search

Germany hands over 14 works from trove of Nazi-looted art

Culture minister says German authorities working to ‘fulfill our moral responsibility’ by determining the provenance of pieces found in Cornelius Gurlitt’s collection

Visitors look at paintings in the exhibition 'Status Report Gurlitt.  degenerate art - confiscated and sold'  in the Kunstmuseum in Bern, Switzerland, November 1, 2017. (Peter Klaunzer/Keystone via AP)
Visitors look at paintings in the exhibition 'Status Report Gurlitt. degenerate art - confiscated and sold' in the Kunstmuseum in Bern, Switzerland, November 1, 2017. (Peter Klaunzer/Keystone via AP)

BERLIN — German authorities have now handed over all 14 works from the art trove accumulated by late collector Cornelius Gurlitt that so far were proven to have been looted under Nazi rule, the government said Wednesday.

“Piano Playing,” a drawing by Carl Spitzweg, was handed over to Christie’s auction house on Tuesday at the request of the heirs of its rightful owner, Henri Hinrichsen, the government said.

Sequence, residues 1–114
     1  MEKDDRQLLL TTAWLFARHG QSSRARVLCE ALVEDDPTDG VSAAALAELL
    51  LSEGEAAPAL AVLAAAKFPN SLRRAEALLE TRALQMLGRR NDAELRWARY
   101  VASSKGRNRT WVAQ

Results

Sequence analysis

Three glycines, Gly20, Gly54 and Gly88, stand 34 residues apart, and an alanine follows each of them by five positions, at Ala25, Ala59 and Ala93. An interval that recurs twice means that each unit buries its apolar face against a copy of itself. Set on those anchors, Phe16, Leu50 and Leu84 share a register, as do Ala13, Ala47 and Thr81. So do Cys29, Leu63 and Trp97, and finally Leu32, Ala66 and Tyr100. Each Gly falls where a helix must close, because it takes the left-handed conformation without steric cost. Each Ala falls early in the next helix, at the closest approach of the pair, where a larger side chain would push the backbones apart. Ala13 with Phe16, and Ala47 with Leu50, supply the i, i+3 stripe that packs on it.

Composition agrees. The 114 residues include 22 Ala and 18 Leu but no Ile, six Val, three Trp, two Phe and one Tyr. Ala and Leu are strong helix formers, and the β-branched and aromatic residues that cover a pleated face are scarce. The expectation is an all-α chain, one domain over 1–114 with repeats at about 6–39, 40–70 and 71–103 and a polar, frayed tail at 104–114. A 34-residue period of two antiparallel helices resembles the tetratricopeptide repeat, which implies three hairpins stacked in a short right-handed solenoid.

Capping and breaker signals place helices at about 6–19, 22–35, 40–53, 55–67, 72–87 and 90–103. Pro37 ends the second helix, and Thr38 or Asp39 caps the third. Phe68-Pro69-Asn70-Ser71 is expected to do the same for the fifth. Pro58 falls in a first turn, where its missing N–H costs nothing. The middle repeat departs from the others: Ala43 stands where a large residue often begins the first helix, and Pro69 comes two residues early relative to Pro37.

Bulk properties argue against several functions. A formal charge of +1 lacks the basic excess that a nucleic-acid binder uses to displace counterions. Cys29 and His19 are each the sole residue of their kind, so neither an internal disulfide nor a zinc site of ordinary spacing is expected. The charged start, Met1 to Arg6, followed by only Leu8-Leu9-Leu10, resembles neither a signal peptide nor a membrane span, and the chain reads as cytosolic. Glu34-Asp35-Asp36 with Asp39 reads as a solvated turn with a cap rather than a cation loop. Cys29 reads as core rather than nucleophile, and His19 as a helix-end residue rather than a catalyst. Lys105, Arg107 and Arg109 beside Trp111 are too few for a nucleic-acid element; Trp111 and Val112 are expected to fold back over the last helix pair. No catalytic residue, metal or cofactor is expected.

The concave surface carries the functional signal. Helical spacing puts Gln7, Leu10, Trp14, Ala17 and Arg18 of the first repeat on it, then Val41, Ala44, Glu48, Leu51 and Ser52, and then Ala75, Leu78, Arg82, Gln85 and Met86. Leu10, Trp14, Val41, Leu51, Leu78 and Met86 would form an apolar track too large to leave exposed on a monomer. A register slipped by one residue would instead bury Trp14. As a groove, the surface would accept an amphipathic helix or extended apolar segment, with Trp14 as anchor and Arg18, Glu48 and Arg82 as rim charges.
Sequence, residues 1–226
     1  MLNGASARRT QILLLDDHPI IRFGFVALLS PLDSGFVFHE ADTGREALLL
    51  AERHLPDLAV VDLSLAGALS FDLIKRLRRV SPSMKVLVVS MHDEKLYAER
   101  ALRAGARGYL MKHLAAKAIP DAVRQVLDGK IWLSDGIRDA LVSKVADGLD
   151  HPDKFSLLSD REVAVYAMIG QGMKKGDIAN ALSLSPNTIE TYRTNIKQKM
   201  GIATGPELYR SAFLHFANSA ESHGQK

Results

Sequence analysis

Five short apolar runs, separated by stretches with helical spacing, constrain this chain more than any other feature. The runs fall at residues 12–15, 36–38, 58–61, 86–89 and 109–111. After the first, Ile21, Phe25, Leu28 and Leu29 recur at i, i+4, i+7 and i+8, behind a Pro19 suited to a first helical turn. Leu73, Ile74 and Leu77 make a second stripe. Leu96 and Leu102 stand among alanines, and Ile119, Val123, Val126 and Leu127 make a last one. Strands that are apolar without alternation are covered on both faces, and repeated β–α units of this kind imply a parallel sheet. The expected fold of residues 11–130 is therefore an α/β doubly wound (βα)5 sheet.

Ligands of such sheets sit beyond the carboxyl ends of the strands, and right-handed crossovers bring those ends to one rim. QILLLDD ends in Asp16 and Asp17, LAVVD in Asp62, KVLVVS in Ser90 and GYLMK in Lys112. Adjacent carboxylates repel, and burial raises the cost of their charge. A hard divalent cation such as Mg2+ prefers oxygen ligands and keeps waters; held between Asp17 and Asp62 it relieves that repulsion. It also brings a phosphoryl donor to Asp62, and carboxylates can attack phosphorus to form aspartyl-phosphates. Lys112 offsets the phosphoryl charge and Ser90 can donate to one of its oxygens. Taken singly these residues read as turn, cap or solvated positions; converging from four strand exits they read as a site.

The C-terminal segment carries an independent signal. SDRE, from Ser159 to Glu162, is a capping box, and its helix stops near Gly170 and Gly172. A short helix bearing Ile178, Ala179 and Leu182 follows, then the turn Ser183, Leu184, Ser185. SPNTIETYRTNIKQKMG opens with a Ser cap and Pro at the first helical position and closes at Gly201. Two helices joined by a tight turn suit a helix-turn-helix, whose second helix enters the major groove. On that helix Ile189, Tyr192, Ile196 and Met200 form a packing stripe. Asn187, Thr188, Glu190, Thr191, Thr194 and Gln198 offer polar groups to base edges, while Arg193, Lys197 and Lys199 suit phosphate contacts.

The work was seized from Hinrichsen, a Jewish music publisher, in 1939. The following year, it was bought by Gurlitt’s father, Hildebrand Gurlitt — an art dealer who traded in works confiscated by the Nazis. Hinrichsen was killed at the Auschwitz death camp in 1942.

The reclusive Cornelius Gurlitt, who died in 2014, had squirreled away more than 1,200 works in his Munich apartment and a further 250 or so at a property in Salzburg, Austria. He inherited much of the collection from his father.

Authorities first stumbled on the art while investigating a tax case in 2012.

The home of Cornelius Gurlitt in Salzburg, Austria, November 18, 2013 (photo credit: AFP Wildbild)

Gurlitt’s will bequeathed the works to a Swiss museum, the Kunstmuseum Bern. A German government-backed foundation has been working with it to ensure that any pieces looted from Jewish owners are returned to their heirs. A trickle of works has been handed back in recent years as the painstaking process of provenance research made gradual progress.

Germany’s culture minister, Monika Gruetters, said it was “an important signal” that all the works so far identified as looted art have been restituted to their owners’ heirs.

“Behind every one of these pictures stands a human, tragic fate such as that of Auschwitz victim Dr. Henri Hinrichsen,” she said in a statement. “We cannot make up for this severe suffering, but we are trying with the appraisal of Nazi art looting to make a contribution to historical justice and fulfill our moral responsibility.”

She stressed Germany’s “lasting commitment” to continue with that appraisal and provenance research.

read more:
comments